National Work Zone Awareness Week: Don’t Be THAT Driver!
It’s National Work Zone Awareness Week (NWZAW) and this year’s theme is “Don’t Be THAT Driver!” Begun in 1999 by the Federal Highway Administration (FHWA), the American Traffic Safety Services Association (ATSSA), and the American Association of State Highway and Transportation Officials (AASHTO) to increase public awareness of work zone safety issues, NWZAW has since become a national event, with State agencies and other pertinent organizations sponsoring and participating in educational and outreach initiatives. NWZAW is always held in April, the beginning of construction season for many organizations, and serves as an excellent time to remind drivers to be mindful of work zones and the many people who work in them.
This Year’s Theme: Don’t Be THAT Driver!
Work zone fatalities in the United States steadily decreased from 2005-2010 due to increased awareness and safety measures. However, since 2010, the number of work zone fatalities has been slowly increasing (Figure 1). Why? Distracted driving. Smart phones have brought distracted driving accidents and fatalities to an unprecedented level, and work zones are no exception. This year’s theme of “Don’t Be THAT Driver!” reinforces the message that motorists need to constantly be alert and prepared for driving anomalies, such as work zones. Distracted drivers often do not notice changes such as brake lights or work zones in time to prevent serious accidents. Drivers who are distracted, which includes any activity other than driving, such as eating, reading, shaving, applying makeup, or using a mobile device, are up to four times more likely to be involved in a crash.
While cell phone usage is admittedly the biggest culprit, distracted driving includes ANY activity that diverts a driver’s attention. The three main types of distraction are as follows:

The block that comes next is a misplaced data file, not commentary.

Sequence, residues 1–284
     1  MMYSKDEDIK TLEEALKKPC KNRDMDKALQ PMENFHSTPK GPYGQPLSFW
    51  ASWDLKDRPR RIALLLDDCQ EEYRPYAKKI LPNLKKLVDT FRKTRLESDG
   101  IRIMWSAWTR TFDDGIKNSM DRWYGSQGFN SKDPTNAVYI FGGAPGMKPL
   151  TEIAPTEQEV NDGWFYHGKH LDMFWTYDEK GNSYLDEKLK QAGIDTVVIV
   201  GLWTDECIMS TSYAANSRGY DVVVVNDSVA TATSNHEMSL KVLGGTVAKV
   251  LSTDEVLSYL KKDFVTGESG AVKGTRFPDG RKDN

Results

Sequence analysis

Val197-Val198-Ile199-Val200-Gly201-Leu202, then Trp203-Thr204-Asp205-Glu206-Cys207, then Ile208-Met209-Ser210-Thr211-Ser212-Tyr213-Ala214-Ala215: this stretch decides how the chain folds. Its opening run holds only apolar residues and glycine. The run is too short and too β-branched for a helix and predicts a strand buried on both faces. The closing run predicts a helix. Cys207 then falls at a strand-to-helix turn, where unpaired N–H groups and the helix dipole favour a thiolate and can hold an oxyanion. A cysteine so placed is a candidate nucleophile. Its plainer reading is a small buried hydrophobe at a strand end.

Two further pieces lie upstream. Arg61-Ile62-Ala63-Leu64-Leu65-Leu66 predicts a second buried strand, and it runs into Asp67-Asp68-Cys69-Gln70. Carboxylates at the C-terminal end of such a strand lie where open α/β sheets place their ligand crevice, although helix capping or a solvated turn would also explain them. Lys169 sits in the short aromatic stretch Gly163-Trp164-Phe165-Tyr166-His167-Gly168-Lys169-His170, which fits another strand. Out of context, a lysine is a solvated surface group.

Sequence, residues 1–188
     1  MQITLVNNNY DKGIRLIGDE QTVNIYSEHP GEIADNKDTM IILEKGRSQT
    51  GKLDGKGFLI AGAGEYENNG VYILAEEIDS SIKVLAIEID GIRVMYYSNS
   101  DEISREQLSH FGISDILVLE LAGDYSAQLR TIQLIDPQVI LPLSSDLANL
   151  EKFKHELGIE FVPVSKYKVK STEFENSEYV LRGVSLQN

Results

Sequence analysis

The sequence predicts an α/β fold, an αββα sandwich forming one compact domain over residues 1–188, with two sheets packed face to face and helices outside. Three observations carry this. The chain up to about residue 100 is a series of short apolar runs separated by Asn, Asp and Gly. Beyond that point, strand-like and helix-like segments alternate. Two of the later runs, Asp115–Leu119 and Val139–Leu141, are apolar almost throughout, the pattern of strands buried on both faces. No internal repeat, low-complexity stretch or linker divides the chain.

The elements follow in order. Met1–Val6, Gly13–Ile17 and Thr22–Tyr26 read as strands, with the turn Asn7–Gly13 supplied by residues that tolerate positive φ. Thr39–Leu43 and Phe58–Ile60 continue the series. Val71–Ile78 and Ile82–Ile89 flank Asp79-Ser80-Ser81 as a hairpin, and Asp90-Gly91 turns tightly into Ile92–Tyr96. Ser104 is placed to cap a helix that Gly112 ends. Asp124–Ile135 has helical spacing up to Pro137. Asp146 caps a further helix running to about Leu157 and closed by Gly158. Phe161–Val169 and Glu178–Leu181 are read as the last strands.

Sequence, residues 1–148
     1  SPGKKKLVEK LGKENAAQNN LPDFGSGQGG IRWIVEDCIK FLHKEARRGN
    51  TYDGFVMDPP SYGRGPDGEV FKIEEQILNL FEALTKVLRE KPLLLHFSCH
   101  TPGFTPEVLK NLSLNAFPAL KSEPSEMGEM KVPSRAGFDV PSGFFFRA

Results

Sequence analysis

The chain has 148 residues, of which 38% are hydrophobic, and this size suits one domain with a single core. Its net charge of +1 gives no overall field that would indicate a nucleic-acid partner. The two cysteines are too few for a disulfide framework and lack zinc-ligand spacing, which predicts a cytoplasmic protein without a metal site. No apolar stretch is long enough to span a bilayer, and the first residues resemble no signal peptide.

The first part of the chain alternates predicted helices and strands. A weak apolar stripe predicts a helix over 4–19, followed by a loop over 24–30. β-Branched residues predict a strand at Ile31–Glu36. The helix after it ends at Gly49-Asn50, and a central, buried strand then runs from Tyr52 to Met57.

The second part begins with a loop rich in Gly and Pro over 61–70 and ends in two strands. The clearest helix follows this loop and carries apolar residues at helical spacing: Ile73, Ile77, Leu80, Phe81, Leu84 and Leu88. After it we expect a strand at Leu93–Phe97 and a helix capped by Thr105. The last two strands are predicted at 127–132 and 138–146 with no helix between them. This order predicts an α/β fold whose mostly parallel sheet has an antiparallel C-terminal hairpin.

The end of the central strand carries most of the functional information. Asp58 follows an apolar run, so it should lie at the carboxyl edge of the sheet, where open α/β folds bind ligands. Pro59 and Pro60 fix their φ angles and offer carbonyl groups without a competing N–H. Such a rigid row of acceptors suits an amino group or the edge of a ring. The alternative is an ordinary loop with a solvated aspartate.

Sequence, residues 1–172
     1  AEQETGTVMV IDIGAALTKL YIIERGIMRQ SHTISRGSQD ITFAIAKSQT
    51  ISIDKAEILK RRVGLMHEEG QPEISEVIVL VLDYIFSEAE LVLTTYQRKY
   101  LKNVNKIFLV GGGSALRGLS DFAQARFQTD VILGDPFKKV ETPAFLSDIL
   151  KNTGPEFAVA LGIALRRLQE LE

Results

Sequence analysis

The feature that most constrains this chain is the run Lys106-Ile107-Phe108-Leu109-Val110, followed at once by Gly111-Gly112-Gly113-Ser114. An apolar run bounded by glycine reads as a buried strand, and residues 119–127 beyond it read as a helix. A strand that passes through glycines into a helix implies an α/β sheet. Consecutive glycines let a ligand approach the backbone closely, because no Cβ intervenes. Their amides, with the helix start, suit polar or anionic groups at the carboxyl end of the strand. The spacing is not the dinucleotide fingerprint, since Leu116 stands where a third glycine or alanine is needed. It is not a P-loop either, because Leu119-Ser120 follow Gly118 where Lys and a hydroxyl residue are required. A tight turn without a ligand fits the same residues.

- Visual – taking your eyes off the road. This includes cell phone usage, reading, or looking at something off the road or your passenger.
- Manual – taking your hands off the wheel. This includes using a cell phone, changing the radio station, digging in the glovebox, or eating your breakfast.
- Cognitive – taking your mind off what you are doing. This includes talking on your cell phone and arguing with your spouse.
Note that cell phone usage contributes to all three types of distraction. Other factors affecting work zone accidents include aggressive driving and, of course, speed. In 2014, distracted driving was responsible for 16% of fatal crashes in work zones, while speeding was a factor in 29%. The most common type of work zone crash is a rear-end collision.
Work Zone Employees — Somebody’s Loved Ones
NWZAW is of particular import to Tata & Howard, as work zones include all types of roadway construction, including water and sewer line installation, repair, and replacement – which we do a lot of! Therefore, our engineers and resident observers are frequently present in work zones, along with construction crews and police officers. All of these people have families, parents, children, and friends. During NWZAW, we at Tata & Howard implore you to think about how fast and how safely you would want someone to drive by a work zone if your loved ones worked there. Work zones can be confusing and challenging due to traffic interruptions, workers blending in with cones and signs, and narrowed roadways. Slow down, be alert, and most importantly, pay attention! Our goal, along with NWZAW, is to see that 100% of work zone workers are safe.
Be Smart, Be Safe
Over 40,000 people are injured each year as a result of motor vehicle crashes in work zones, and every ten hours, someone in the United States is killed in a work zone. Fatal crashes occur most frequently during the summer and fall months, when construction is at its peak. Construction season is upon us, and during NWZAW, we are asking each and every one of you to think about the workers on our roadways, to drive with caution and care, and to spread the word about work zone safety. Together, we can work toward a goal of zero work zone deaths, and ensure that our engineers, supervisors, construction crews, and police officers all make it home safely for dinner.